► VIDEO | February 12, 2021, 12 pm EDT
Ph.D. Researcher, Boston University
To make their services more user friendly, online social media platforms automatically identify text that corresponds to URLs and render it as clickable links. In this paper, we show that the techniques used by such services to recognize URLs are often too permissive and can result in unintended URLs being displayed in social network messages. Among others, we show that popular platforms (such as Twitter) will render text as a clickable URL if a user forgets a space after a full stop at the end of a sentence, and the first word of the next sentence happens to be a valid Top Level Domain. Attackers can take advantage of these unintended URLs by registering the corresponding domains and exposing millions of Twitter users to arbitrary malicious content. To characterize the threat that unintended URLs pose to social media users, we perform a large-scale study of unintended URLs in tweets over a period of 7 months. By designing a classifier capable of differentiating between intended and unintended URLs posted in tweets, we find more than 26K unintended URLs posted by accounts with tens of millions of followers. As part of our study, we also register 45 unintended domains and quantify the traffic that attackers can get by merely registering the right domains at the right time. Finally, due to the severity of our findings, we propose a lightweight browser extension that can, on the fly, analyze the tweets that users compose and alert them of potentially unintended URLs and raise a warning, allowing users to fix their mistakes before the tweet is posted.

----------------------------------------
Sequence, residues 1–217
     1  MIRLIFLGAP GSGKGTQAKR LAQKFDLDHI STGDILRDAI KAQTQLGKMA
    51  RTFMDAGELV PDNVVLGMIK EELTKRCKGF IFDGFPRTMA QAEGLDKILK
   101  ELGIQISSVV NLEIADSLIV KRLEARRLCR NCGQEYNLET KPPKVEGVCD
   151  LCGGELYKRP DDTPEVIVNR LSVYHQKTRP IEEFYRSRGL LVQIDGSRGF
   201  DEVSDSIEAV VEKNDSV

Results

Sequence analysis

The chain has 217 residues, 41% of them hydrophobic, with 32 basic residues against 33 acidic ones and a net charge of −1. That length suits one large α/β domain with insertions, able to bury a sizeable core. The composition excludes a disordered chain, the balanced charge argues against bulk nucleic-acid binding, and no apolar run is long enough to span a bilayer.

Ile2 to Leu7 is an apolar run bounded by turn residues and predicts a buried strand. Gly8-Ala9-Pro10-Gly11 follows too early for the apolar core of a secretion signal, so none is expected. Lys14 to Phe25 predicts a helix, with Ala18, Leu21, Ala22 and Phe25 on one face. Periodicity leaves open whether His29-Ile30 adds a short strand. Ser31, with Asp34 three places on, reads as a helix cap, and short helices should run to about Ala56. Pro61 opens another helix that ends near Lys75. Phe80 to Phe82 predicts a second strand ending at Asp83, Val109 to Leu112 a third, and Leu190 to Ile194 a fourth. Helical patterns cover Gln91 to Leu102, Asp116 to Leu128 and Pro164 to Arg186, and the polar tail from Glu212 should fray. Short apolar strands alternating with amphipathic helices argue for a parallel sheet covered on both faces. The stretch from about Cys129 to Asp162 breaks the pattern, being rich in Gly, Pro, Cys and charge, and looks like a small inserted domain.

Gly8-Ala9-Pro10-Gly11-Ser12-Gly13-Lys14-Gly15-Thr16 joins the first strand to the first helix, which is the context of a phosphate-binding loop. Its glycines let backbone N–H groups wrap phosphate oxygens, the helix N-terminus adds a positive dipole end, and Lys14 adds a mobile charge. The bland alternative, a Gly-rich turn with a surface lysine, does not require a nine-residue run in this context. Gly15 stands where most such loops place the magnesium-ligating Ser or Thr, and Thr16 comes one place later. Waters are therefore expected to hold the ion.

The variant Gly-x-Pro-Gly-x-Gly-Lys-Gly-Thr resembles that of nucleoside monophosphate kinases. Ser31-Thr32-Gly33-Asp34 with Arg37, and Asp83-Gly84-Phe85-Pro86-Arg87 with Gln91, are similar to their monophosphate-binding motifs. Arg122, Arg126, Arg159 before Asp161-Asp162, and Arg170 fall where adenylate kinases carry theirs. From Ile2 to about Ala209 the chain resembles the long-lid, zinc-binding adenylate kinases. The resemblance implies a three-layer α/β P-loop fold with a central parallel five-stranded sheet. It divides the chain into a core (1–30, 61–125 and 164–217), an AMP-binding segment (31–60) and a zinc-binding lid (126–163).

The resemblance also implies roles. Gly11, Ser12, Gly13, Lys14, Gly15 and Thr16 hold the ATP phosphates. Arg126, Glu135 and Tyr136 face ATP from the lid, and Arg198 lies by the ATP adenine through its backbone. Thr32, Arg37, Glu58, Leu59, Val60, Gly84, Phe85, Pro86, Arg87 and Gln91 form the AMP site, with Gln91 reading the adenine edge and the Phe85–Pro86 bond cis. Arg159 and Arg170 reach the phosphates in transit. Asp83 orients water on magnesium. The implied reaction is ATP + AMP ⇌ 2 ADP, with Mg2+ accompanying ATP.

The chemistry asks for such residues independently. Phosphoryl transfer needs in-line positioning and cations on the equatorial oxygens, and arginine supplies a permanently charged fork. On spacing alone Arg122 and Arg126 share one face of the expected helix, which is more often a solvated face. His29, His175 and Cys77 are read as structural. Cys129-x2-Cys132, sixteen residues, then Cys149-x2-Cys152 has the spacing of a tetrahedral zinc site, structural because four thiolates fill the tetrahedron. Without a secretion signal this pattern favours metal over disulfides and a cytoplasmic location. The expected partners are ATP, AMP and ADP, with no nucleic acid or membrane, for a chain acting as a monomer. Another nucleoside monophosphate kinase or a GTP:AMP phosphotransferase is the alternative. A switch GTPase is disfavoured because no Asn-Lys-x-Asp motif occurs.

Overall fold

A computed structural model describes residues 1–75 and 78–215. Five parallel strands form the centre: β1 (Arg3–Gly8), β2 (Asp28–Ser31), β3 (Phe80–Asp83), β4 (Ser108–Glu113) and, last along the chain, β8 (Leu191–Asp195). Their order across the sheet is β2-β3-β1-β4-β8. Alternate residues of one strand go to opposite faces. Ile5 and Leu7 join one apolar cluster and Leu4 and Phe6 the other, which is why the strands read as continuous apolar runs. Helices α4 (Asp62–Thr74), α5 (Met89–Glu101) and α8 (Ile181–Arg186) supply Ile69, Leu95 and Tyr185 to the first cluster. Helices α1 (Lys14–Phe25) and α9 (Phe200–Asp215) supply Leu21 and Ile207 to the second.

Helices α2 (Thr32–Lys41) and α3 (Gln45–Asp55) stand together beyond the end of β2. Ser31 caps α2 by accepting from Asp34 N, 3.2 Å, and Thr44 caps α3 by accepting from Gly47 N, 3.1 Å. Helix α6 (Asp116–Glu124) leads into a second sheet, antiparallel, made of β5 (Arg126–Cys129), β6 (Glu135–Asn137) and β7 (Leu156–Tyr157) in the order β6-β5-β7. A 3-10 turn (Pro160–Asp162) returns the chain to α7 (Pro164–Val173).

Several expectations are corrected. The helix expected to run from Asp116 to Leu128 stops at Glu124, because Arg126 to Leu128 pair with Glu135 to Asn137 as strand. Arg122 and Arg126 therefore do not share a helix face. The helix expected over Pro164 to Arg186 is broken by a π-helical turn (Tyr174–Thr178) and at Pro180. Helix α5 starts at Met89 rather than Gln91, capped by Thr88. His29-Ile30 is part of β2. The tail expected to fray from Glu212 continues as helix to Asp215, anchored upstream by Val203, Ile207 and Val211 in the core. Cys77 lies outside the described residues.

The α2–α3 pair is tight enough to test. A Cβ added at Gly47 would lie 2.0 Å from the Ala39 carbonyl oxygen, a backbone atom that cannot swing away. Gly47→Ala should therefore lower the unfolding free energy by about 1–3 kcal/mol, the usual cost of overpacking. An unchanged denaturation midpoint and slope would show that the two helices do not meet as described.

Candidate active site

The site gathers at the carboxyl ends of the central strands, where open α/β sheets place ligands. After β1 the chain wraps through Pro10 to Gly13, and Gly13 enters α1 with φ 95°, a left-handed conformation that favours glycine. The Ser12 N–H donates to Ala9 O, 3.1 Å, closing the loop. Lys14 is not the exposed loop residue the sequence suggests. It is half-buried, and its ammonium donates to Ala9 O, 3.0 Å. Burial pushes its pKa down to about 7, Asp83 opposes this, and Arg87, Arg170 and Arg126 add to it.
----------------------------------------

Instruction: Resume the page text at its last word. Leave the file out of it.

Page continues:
Beliz graduated from the Electrical and Electronics Engineering school of Middle East Technical University. After a year in the industry as a software engineer, she began pursuing her Ph.D. at Boston University. Beliz is currently in her sixth semester and has published three papers in the area of web security. Since declaring cybersecurity as her area of interest she has worked closely with Dr. Manuel Egele and Dr. Gianluca Stringhini in their security lab, (SeclaBU) at Boston University.